A study concludes that the horse – if it could choose – would prefer to have its blanket off when the temperature is between 10 and 20 degrees. This may not be so surprising. However, the method on which the study is based is surprising. A method where the horse itself learns to communicate whether it wants its blanket on or off. Here, we give you the opportunity to form your own assessment of the research project.
A 2016 study in the international journal Applied Animal Behaviour Science demonstrates that horses can learn to communicate through symbols.
By having a skilled behavior trainer train 23 horses for 10-15 minutes a day, it was possible to teach them the difference between three distinct visual symbols, which they could touch with their muzzles. The symbols respectively indicated that the horse wanted to keep its blanket on, have it off, or leave the state with or without the blanket unchanged.
Subsequently, it was tested whether the horses had truly learned to understand the symbols. Under different weather conditions, the horses were asked to touch one of the three symbols. The result was that in warm and dry weather, the horses touched the symbol for not wearing a blanket, and in wet and cold weather, they touched the symbol for wearing a blanket. Thus, the conclusion was that horses are capable of understanding the consequences of their choices and can express their preferences using symbols.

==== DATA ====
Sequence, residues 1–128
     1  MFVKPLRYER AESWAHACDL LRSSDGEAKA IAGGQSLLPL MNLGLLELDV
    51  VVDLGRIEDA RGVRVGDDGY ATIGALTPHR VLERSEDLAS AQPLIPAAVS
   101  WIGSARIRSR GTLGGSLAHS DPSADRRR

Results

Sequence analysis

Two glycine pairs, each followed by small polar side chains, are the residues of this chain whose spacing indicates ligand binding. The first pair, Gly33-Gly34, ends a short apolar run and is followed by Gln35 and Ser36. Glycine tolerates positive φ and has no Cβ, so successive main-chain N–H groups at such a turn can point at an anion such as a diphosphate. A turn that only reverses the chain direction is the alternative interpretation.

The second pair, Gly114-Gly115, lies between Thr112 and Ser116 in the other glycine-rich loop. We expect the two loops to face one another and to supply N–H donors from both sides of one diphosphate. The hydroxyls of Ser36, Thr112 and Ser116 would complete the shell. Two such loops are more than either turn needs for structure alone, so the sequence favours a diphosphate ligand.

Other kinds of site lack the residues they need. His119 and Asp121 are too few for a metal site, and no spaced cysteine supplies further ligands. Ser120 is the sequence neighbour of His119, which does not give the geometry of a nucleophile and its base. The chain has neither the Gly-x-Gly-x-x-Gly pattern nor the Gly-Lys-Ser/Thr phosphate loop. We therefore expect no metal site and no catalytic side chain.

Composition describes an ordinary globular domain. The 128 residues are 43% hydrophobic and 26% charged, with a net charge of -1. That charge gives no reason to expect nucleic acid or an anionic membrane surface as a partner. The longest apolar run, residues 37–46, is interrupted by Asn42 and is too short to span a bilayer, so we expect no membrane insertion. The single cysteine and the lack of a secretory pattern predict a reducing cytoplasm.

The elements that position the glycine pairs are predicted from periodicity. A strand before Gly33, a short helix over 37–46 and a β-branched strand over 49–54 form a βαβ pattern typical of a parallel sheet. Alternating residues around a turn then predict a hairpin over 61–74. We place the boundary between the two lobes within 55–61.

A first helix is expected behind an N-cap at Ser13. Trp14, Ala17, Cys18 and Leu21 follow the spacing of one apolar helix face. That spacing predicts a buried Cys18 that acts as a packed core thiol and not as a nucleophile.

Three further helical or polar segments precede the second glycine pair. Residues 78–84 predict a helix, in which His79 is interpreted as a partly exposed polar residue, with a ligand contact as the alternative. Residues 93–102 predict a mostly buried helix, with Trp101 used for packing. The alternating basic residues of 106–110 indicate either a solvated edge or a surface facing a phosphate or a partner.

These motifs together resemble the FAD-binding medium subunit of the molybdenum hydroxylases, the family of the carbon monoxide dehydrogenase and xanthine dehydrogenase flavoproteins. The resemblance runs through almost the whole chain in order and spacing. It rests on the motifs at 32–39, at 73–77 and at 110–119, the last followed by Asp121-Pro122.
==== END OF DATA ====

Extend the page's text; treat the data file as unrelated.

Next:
The study is titled "Horses can learn to use symbols to communicate their preferences" and can be downloaded or read about here.
The aforementioned study has subsequently – in 2019 – been used to demonstrate that horses most often prefer their blanket off when the temperature is between 10 and 20 degrees.
On a series of test days, 23 horses were led one by one to a test area where they could choose between two symbols: A ‘no change’ symbol, or a ‘blanket off’ or ‘blanket on’ symbol depending on whether they already had a blanket on. After touching one of the symbols with their muzzles, each horse was again put back into the field.
The results showed that most horses preferred to have the blanket put on at temperatures below -10 degrees, regardless of whether it was windy or there was precipitation. With rising temperature, the horses’ preference for keeping their blankets on decreased. Some horses wanted the blanket off already at 10 degrees, while a few others only when the temperature was around 20 degrees. In sunny weather, the preference for having the blanket off was also increased, regardless of the temperature, just as the opposite was true in wind and rainy weather. In other words, most horses would like to have the blanket off when the temperature is between 10 and 20 degrees, depending on other weather conditions.
The study is titled "The effect of weather conditions on the preference in horses for wearing blankets" and can be downloaded or read about here.
The studies naturally raise a big question in us: Can you really teach your horse to communicate in this way? Can it really learn to express its own opinion? According to the study, you can – and there seem to be no limits to how it can make us more knowledgeable about our horses and their own preferences.
Kilde: Science Equine.